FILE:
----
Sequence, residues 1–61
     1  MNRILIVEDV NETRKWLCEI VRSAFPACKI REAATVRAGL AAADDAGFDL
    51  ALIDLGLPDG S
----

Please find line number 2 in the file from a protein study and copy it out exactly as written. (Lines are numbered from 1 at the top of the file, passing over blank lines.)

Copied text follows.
     1  MNRILIVEDV NETRKWLCEI VRSAFPACKI REAATVRAGL AAADDAGFDL